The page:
Another top priority for the Ohio Chamber is fixing the state’s confusing and burdensome employment discrimination statutes. Ohio’s laws are an outlier among states and also when compared to similar federal statutes, due primarily to Ohio Supreme Court decisions from the late 1990’s. In order to remedy some of these issues, the Ohio Chamber worked to have Senate Bill 268, the Employment Law Uniformity Act, introduced. This bill would improve Ohio’s employment discrimination statutes by allowing for timely, fair, and efficient resolution of claims for both employers and employees. Increasing uniformity with federal law will allow for greater predictability and consistency while maintaining robust protections for employees. SB 268 is still pending in the Senate Civil Justice Committee, but we are pushing for its passage before the end of the year.
Unfortunately, a bill that would take Ohio law in the wrong direction also required the Ohio Chamber’s engagement. Senate Bill 301, the so called Pregnancy Reasonable Accommodation Act, would require employers to “reasonably” accommodate pregnant women in the workplace. While this bill may be well intentioned, it is redundant of other federal and state laws protecting pregnant workers and its impractical requirements would create a legal quagmire for employers.
The bill would require employers with four or more employees to make “reasonable” accommodations for pregnant employees, including modified work schedules, light duty, time off, equipment changes, and private non-bathroom spaces to express breast milk. SB 301 does not require a medical recommendation or any medical necessity for the accommodation requested. The bill also requires an interactive process similar to what the Americans with Disabilities Act (ADA) requires that allows businesses and workers to discuss and come up with a reasonable accommodation. However, SB 301 upends this traditional interactive process by prohibiting an employer from requiring a pregnant employee to accept an accommodation they choose not to. This essentially gives employees veto power over the process and stacks the deck against employers.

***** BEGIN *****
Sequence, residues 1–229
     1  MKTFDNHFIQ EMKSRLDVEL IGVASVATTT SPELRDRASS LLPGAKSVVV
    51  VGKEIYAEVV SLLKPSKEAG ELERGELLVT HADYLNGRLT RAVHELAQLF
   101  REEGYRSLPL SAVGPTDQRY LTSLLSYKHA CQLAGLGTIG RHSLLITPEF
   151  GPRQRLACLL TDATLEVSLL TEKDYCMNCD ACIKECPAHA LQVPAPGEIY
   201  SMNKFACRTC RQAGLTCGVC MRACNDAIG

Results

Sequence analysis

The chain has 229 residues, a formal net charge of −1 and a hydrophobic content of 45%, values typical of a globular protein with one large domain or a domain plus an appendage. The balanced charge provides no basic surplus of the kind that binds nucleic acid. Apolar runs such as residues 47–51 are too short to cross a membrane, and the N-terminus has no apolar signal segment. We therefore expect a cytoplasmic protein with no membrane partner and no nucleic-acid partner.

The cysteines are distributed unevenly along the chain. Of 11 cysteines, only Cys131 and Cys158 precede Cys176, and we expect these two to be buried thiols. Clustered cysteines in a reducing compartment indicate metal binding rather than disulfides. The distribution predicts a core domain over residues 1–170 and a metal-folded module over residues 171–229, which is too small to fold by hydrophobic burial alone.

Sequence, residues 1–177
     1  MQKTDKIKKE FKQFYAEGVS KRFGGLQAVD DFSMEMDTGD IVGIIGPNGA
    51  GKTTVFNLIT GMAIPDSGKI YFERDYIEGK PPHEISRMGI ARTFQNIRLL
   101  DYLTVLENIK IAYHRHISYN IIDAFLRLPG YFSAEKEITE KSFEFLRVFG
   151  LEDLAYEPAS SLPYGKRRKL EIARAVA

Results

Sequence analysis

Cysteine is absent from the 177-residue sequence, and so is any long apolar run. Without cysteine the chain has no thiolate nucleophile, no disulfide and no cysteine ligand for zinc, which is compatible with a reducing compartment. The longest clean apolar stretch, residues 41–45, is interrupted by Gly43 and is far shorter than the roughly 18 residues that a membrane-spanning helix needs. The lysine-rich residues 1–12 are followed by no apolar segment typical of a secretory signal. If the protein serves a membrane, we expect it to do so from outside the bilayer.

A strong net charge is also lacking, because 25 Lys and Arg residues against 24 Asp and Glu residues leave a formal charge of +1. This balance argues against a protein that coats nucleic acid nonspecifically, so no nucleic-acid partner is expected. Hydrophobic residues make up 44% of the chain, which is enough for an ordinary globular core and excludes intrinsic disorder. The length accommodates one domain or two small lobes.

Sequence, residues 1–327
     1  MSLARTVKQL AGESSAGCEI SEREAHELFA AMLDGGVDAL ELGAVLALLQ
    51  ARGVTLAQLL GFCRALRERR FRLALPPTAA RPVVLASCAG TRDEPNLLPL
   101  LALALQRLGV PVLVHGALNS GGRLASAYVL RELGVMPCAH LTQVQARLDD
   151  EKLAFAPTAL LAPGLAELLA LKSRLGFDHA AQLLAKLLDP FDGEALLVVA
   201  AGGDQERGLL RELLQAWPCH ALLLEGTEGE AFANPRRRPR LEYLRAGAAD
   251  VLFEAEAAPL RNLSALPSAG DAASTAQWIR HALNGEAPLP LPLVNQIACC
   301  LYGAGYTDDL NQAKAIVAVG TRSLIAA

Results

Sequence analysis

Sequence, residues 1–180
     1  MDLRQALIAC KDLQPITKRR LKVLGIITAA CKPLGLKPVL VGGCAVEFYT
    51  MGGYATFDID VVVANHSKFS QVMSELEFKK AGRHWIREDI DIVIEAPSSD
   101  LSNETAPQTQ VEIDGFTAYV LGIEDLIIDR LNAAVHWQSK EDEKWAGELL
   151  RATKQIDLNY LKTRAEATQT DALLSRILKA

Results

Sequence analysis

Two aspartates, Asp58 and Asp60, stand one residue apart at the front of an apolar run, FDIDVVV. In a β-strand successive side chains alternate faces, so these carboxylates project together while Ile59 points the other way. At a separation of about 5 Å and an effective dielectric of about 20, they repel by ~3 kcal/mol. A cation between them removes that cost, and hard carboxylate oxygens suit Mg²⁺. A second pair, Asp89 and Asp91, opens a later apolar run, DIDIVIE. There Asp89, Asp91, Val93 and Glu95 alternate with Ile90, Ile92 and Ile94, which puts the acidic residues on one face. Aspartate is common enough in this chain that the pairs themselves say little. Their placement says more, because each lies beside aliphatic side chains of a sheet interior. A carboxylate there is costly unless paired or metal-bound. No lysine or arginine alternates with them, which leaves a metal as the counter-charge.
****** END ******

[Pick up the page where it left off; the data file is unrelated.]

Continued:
On May 18, the U.S. Department of Labor (DOL) published its final rule updating overtime regulations. The rule more than doubles the salary an employee must be paid before being considered exempt from overtime under the “white-collar” exemptions. Though the Ohio Chamber and the U.S. Chamber submitted comments critical of the draft rule, the DOL published the rule with only minor changes. The current salary threshold to be exempt from overtime pay is $455 per week, or $23,660 annually. Effective December 1, 2016, the new threshold will be $913 per week, or $47,476 annually.
It is projected that this will affect at least 134,000 workers in Ohio and more than 4.2 million workers nationally. Further, the new rule provides for automatic increases every three years. With this significant increase in the minimum threshold, employers will be left with the tough choice of either paying employees more to get their salaries above the threshold, or reclassifying them to nonexempt status. The latter many times also means a reclassification from salary to hourly in order to properly track hours and know when overtime is due.
An Ohio Chamber supported bill that was enacted was House Bill 180. This bill prohibits a public authority from putting residency restrictions on public works projects. In recent years, several municipalities have adopted residency restrictions which inherently discriminate against Ohio-based companies. Many businesses struggle to fulfill such arbitrary residency requirements, leading to less qualified bids and thus driving up taxpayer costs through limiting competition. Further, due to constitutional issues, public authorities cannot place residency restrictions on out-of-state contractors, giving them a competitive advantage over in-state bidders.
Part five will cover legislation directly impacting small businesses.